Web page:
Close your eyes and picture this. You're on vacation. The air is crisp, and the sun is shining. You're flying over a lush island off the western coast of Australia when you come across a lake as blue as, no, wait, as pink as ... the sky? Wait, something's not quite right here.
But it's true, there are some very photogenic (and very pink) lakes in Australia that look like something out of a cotton candy dreamworld. Perhaps the most famous and Instagram-worthy is Lake Hillier, which is located on Middle Island off the coast of western Australia. It makes for some pretty wild aerial views, especially when you contrast its pink hues with the turquoise bay just across from it.
So why are these lakes pink anyway? It's been a mystery for some years, but the puzzle's finally been cracked. Scientists found that pink bodies of water like Lake Hillier contain both Halobacteria and a type of algae known as Dunaliella salina, which thrive in salty environments like the pink lakes. The carotenoid red pigments secreted by Halobacteria and d. salina are responsible for the pink lakes' otherworldly colors. These same algae also flourish in the Dead Sea.
Head farther east to check out Murray-Sunset National Park in Victoria, which also boasts some picturesque views of its own four pink lakes and offers camping options as well. Bonus tip: If you're traveling to the park, bring your own water, since you can't drink the water there due to the salt content in the lakes. Unlike Lake Hillier, which is consistently pink year-round, the pink lakes at Murray-Sunset are best viewed around late summer when the water changes colors, varying from a deep pink to a pale salmon-like shade.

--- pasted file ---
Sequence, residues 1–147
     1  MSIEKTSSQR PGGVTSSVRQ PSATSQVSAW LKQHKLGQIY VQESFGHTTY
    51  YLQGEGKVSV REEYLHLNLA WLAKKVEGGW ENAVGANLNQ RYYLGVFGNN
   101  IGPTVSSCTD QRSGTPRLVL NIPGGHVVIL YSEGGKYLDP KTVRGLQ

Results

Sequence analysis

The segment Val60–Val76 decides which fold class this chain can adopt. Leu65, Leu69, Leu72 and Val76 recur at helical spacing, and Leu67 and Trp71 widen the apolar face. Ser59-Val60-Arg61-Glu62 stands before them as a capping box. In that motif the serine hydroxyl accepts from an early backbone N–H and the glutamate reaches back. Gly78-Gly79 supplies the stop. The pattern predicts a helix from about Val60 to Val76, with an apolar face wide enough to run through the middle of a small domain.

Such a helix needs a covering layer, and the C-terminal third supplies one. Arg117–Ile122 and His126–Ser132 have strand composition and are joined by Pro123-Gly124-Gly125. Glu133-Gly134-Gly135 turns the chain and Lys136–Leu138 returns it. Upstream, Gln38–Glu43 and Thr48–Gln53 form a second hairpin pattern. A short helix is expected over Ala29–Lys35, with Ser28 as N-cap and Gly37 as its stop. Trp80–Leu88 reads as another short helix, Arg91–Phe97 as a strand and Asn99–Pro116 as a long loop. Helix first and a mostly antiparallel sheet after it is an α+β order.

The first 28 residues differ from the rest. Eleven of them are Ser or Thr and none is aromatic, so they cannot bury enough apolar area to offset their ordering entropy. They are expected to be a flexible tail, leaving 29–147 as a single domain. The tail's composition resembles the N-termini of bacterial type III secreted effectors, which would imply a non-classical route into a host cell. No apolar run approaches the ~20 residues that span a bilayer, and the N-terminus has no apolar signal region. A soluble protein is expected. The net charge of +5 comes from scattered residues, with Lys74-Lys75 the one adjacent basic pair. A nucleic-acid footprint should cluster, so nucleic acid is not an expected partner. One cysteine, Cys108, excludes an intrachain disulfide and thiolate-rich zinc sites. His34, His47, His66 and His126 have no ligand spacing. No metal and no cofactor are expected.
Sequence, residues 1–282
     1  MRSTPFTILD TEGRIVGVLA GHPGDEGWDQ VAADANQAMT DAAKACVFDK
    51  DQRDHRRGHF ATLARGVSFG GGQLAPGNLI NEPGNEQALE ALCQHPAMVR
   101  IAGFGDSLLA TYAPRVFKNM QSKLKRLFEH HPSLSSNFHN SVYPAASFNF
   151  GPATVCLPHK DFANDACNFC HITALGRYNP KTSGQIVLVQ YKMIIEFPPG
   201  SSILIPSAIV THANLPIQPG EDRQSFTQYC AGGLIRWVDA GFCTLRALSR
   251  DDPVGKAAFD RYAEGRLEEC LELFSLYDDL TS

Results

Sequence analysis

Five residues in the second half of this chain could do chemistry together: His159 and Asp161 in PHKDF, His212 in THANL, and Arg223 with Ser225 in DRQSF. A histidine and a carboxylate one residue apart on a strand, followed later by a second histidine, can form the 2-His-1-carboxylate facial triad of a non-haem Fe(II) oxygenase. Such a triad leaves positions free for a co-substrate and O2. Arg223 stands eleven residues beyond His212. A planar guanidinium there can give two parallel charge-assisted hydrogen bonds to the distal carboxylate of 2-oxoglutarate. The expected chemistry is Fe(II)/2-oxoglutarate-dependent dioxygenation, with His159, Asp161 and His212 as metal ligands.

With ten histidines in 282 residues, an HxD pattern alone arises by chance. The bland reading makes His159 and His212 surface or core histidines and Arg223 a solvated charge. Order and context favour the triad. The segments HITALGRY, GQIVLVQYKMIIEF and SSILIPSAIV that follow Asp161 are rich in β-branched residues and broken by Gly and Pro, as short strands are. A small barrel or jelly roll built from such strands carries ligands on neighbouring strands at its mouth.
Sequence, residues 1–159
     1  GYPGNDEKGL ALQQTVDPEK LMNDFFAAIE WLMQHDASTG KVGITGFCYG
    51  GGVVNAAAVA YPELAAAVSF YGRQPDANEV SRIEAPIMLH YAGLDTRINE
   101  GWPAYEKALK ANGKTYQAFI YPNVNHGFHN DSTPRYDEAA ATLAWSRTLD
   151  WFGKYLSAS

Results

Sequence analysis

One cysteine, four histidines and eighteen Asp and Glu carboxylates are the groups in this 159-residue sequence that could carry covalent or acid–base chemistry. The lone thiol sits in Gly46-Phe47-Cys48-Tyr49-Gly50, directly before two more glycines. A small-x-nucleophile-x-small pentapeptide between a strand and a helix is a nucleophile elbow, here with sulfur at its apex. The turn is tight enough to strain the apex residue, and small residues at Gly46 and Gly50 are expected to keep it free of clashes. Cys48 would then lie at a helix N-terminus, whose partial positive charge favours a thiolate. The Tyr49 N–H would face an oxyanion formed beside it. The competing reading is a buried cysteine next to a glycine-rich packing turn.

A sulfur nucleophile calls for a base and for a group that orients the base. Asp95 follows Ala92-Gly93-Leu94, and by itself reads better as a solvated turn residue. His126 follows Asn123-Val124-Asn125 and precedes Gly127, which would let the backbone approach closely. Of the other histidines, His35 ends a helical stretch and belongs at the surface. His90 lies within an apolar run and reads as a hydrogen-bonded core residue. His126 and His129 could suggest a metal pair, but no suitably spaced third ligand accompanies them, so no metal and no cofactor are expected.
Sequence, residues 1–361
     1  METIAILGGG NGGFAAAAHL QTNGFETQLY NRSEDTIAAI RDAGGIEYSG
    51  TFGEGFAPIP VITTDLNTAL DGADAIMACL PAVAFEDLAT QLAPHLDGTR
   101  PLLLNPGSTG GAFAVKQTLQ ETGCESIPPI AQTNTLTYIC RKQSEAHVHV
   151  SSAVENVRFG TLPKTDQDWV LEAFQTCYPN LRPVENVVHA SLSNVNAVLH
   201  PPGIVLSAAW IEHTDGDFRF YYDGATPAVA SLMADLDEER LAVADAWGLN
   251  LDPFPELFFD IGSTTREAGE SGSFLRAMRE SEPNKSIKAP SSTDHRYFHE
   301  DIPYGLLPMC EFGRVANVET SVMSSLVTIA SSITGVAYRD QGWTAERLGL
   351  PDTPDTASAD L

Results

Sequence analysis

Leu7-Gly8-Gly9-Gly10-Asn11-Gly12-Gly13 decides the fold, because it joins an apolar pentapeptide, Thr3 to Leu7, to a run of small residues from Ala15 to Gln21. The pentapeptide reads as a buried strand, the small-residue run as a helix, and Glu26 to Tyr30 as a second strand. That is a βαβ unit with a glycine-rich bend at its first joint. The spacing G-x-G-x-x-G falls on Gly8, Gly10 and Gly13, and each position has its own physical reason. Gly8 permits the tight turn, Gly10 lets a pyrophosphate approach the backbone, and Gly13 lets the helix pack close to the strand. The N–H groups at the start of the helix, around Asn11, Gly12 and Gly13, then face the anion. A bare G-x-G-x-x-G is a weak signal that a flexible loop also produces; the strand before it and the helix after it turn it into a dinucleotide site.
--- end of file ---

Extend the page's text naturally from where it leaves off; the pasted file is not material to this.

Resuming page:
Lake Hillier is accessible mostly by air tours and boat cruises, but landing on Middle Island is a no-go. Although you theoretically could swim in a pink lake at Murray-Sunset National Park, it's not advisable due to the high percentage of salt in the water. Plus, the park's website asks that you leave the park as undisturbed as you found it, so it's best to leave your bathing suit at home to protect these natural wonders for generations to come.
You can find similarly bubble-gum-pink bodies of water around the world, from Lake Retba in Senegal to the Salinas de Torrevieja in Spain to Pekelmeer on the Caribbean island of Bonaire (you might also spot some equally pink flamingos on your visit to the last one). So what are you waiting for? But plan your trip carefully and don't be fooled by marketing schemes. The actual "Pink Lake" in the western Australian town of Esperance hasn't actually been pink for many years, having lost all its color and taken on a milky white hue, leading locals to petition for the lake to be renamed "Spencer Lake" as it was originally called.